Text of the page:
14 September 2022: Comfort Gratin
It's rare that anything really personal finds its way into these essays. Most of them are about cooking technique, ingredients, method, or the provenance of a particular recipe. First person singular pronouns are kept to a minimum because it's not about me or even what I know. After all, what we know is nothing to take credit for, since most of it came from someone else.
There may be a passing thought on a lesson learned about exercising patience or focus in the kitchen, or perhaps a reminder that the most important thing in cooking is pleasing ourselves and our loved ones. But the most personal any of them ever get is to touch on how a dish makes me feel and/or its connection with someone dear to me.
This one, however, is very personal.
We've had a difficult summer in our household. Not only have we been adjusting to life in a new community and climate, making and renewing old friendships, and missing friends left behind, there's been the almost overwhelming task of rescuing our new home from two decades of wanton neglect.
Our biggest challenge, however, has been unfolding more than three hundred miles away. Not long after we moved here, my elderly parents, after several years of steady decline, reluctantly moved to an assisted living facility. Since then, their decline has been rapid. And late last month, less than three months shy of his ninety-fifth birthday, my father's health completely collapsed and he died peacefully in his sleep. It was the most peaceful thing he's ever done in his life.
The Reverend Warren Earle Fowler was a remarkable man: a deep-thinking theologian, caring pastor, socially progressive community leader, and environmental activist long before that was even a thing. My younger brother likes to recall the time he carelessly tossed a gum wrapper out the window of the car only to have my father stop, back up, and make him get out, find that wrapper, and pick it up before they went on. That kind of intensity is how Dad met everything.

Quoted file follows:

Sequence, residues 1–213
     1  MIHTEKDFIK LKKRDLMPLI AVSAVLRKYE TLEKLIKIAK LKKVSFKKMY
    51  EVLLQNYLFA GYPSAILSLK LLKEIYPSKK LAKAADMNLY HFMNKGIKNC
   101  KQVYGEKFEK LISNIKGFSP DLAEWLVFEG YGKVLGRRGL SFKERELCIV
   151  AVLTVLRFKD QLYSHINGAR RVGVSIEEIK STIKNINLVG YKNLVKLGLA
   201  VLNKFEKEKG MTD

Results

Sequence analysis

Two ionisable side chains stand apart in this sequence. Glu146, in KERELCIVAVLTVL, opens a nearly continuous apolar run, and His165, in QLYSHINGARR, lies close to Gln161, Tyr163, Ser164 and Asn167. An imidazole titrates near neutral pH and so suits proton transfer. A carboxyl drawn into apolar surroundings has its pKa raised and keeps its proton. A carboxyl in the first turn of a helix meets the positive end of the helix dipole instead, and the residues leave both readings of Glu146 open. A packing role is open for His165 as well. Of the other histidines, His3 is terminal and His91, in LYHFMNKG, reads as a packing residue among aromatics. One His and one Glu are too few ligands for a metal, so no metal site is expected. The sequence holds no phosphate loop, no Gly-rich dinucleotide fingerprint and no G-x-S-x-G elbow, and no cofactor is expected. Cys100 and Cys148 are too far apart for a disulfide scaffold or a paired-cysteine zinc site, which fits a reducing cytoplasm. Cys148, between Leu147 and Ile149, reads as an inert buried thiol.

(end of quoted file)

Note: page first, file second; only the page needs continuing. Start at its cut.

But arguably his greatest virtue was his deep capacity for love, particularly for his family. It could also be argued that it was his greatest fault. Just as his love was enormous, so were his expectations. And those were not always easy to live with, never mind live up to. Criticism would be swift and often harsh, while praise was usually slow to come and understated.
The best way to sum his character is to borrow the words Victor Hazan wrote of his late wife, Marcella, the celebrated doyenne of Italian cooking: "Marcella was not always easy, but she was true." That sums my father perfectly: not always easy, but always true.
So. Now there will be no more lectures on how little sense I have, on the huge mistakes I have made, am making, and am likely to make in the not-too-distant future. We've heard his last diatribe about the sorry state of The Church, our country and government, and our world and abused environment.
Will I miss those lectures? Honestly, no. But I will miss the palpable love that lay behind them. I'll also miss the integrity by which he lived, and through which he inspired so many generations, including my own. And I'll look forward to that meeting on the other side, when, however I've met my end, he's sure to say, "My land, Son! Didn't I tell you not to do that?"
Zucchini Gratin with French Fried Onion Rings
We came home from Dad's funeral tired, emotionally drained, and needing comfort food. I also needed to use up some zucchini that had been bought before we knew we were going to be away. Those two needs were met in an old-fashioned Southern-style squash casserole, topped (because I'm a true child of the sixties), with French fried onion rings. I could've made twice as much and we would've eaten every scrap.
12 ounces medium-small zucchini squash (about 2)
1 generous tablespoon unsalted butter
1 medium clove garlic, lightly crushed, peeled, and chopped fine
Salt and whole black pepper in a mill
8-10 basil leaves
2 thick slices stale white sandwich bread, crust removed, roughly crumbled
1 teaspoon finely chopped fresh oregano (or ½ teaspoon crumbled dried)
¼ cup coarsely grated Gruyere cheese
1 heaped tablespoon finely grated Parmigiano Reggiano cheese
2-3 tablespoons roughly crumbled French-fried onion rings
1. Scrub the zucchini under cold water and pat dry. Trim the blossom and stem ends and thinly slice them (about 1/8-inch thick). Put the butter in a 9-inch skillet over medium low heat. Cover the bottom of the pan with half the squash. Sprinkle lightly with salt, pepper, and half the garlic. Add the remaining squash, spreading to level it, and sprinkle with salt, pepper and the remaining garlic. Cover and cook, carefully turning the squash halfway through, until softened and tender, about 8-10 minutes. The zucchini will shed a lot of its moisture. Don't let that completely evaporate; if it does before the squash are tender, add a spoonful or so of water as needed.
2. Uncover and remove the pan from the heat. Position a rack in the center of the oven and preheat it to 375° F. Generously butter a small (1 quart) casserole or 8-inch gratin dish. Finely chop the basil. You should have about 2 teaspoons. Fold the basil, bread crumbs, and oregano into the zucchini. Add 3 tablespoons of the Gruyere and gently mix.
3. Turn the zucchini into the prepared baking dish, leveling the top with a spatula or wooden spoon. Sprinkle the remaining tablespoon of Gruyere, the Parmigiano-Reggiano, and the crumbled onion rings evenly over the casserole and bake in the center of the oven until it's lightly browned, about 25-30 minutes. Let stand 5-10 minutes before serving warm.